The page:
Saturday, December 18, 2004

My Reply to My Dad (2)

This is my reply to my papa's email (2) following his pronouncement that my belief conforms to Buddhism- 11 December 2004

hi papa,
i barely have any idea who's grandmother's brother.... not so close with them....

I am fine, and sorry for late reply, as i was working in the weekdays, dont really have time to reply your email, therefore weekends will be the time where i can sit down and write to you.

Actually i have some comment on what you said about enlightenment and buddha's teaching about eternal life.
I dont mean any offence but i would say that Buddhism is a religion that does NOT teach "eternity".

Of cos i am not saying out of ignorance, i have evidents. And my evidents are in 2 perspectives.

The first perspective is through Buddhism's theology (doctrines). According to the teaching of Buddha, there is nothing such as ETERNAL LIFE.
Buddha taught about Impermanece ("Anicca" in pali-sanskrit) apart from Suffering (Dukkha), and No-self (Anatta). These are the "Three Marks of Existence" -the central of Buddhism.
And Impermanence simply means all things never last forever. In another words, Buddha talked about Impermanence as being the nature of all conditioned phenomena. Buddha, himself never taught "eternality", so therefore, if ever any buddhist that believes in eternal life is not a true follower of Buddha.

Which buddhist master taught you about "eternality"? I would advise you not to listen to him if you want to continue to be a true follower of Buddha because that master is not teaching what Buddha taught about Anicca, Dukkha and Anatta. I think the person that taught you about "Buddhism eternity" is either misinterpret the TIPITAKA (the Pali Canon- scriptures of Buddhism) or he blended (added) his own teaching into the true Buddhism. And by doing this, he is creating his own religion, and that is dangerous.

The second perspective is the historical factor. From the above, i have list out from Buddha's own teaching that he NEVER taught anything about eternity.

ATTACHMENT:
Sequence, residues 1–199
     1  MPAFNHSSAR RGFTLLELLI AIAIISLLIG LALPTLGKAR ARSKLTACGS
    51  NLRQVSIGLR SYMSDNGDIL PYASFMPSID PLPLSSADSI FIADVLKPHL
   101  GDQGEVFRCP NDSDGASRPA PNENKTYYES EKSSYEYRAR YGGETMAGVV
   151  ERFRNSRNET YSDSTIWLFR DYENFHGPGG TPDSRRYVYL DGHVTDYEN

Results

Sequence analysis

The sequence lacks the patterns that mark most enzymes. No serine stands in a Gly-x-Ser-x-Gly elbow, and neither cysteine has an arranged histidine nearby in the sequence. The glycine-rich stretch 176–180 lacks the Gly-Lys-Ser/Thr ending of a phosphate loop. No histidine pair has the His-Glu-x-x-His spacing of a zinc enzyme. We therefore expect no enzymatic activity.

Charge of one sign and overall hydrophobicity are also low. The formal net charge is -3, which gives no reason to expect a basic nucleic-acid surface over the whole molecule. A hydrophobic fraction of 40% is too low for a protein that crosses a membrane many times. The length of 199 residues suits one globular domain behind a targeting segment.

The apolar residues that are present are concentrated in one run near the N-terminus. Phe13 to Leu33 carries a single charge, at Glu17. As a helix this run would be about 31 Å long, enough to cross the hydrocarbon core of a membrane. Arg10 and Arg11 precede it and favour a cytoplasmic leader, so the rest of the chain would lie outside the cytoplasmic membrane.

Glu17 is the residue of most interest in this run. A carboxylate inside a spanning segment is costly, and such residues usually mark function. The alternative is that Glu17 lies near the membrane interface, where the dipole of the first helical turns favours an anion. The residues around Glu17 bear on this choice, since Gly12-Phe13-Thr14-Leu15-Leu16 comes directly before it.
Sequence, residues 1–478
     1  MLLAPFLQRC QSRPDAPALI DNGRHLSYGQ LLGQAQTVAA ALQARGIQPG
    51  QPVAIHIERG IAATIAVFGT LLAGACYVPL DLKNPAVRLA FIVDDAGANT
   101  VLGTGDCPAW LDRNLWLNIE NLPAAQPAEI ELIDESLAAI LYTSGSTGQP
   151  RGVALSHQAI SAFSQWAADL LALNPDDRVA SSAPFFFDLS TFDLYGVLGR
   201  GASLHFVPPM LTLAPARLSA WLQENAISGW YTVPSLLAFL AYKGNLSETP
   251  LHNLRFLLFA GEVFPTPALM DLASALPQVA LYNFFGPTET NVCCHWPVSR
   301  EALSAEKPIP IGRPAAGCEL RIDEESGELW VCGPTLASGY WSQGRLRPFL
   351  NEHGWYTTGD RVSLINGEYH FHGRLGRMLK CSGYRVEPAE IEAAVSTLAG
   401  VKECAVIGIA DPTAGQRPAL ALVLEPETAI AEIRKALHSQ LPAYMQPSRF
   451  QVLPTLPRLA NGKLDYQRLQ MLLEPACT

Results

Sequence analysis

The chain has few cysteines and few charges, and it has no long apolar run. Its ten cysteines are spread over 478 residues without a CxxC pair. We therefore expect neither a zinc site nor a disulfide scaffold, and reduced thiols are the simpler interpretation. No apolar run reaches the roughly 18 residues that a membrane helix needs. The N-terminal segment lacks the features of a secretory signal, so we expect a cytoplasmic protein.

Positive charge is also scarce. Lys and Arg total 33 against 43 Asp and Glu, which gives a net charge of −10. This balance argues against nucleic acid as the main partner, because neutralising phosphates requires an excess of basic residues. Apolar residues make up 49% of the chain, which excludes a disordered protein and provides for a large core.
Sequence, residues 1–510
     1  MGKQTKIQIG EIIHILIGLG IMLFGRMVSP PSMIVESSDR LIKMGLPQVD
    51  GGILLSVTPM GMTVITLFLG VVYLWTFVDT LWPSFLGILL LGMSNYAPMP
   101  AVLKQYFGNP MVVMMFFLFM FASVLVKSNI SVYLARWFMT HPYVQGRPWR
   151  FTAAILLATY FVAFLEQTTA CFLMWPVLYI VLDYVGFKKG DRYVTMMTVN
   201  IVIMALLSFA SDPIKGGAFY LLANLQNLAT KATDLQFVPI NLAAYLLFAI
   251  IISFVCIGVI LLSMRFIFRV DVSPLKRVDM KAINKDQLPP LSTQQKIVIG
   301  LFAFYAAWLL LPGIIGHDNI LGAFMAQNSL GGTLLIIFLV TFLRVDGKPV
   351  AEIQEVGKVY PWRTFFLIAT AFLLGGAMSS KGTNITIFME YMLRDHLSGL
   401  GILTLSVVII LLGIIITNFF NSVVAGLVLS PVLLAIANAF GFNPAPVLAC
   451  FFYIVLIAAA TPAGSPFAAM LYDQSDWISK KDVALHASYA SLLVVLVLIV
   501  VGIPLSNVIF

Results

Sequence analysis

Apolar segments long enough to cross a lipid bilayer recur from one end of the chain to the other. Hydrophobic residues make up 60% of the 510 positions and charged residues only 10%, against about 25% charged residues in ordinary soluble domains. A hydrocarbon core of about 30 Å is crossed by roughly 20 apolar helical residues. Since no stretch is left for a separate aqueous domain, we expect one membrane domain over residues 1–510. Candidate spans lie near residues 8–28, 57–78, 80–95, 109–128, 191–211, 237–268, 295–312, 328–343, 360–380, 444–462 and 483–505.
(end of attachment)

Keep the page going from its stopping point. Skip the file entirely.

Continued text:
And now i am going to assume to you that even if Buddha taught about eternity, he was NOT the first person in human history to talked about it.
Approximately 1,000 years before Buddha was born, there was a person name Abraham who was one of the earliest human that came across the word "ETERNITY".
It is recorded very clearly, "I will establish my covenant as an everlasting covenant between me and you and your descendants after you for the generations to come, to be your God and the God of your descendants after you."
Everlasting means "last forever". This is the "eternal" promise from God to Abraham 1,000 years before Buddha was born. Therefore, even though if Buddha did teach about eternity (which in reality he had not), he was not the first.

Hence, from these 2 perspectives- Buddhism doctrines and Historical factor- Eternal life is never being taught by Buddha.

Ok, papa, hope you will read this with an open mind and without any bias but weight the evidents which i have listed.

Thanks for your time reading this email. I am looking forward for your reply.
love,
Zeng

6 comments:

Jack The LOT{B}R said...

The Patisambhidamagga taught:
Nibanna is
1. Nissaranattha (total release of dukkha)
2. Vivekattha (void of dukkha)
3. Asankhatattha (total release from the need of rejuvenation)
3. Amatattha (eternal)

The Dhammapada:
All conditioned things are impermanent (annika)
All conditioned things are suffering (dukka)
All conditioned OR unconditioned things are selfless (anata)

Notice that the two buddhist discourses actually taught that there indeed is "eternity". The Nibbana (an unconditioned thing) is said to be "amatattha", that is everlasting, secure from death, forever, eternal. The Dhammapada in stating that "conditioned/contingent things" are "annika" and "dukka" while both the "conditioned/contingent AND uncontitioned/incontingent things" are "annata" implied that the "unconditioned/incontingent" is spared from "annika" and "dukka". Therefore, incontingent things (nibbana, the dhamma etc) are NOT annika, i.e. they are eternal.

Sze Zeng said...

Thanks for the comment.

Buddhism break down because of what you stated.
From how i look at your comment, you are saying: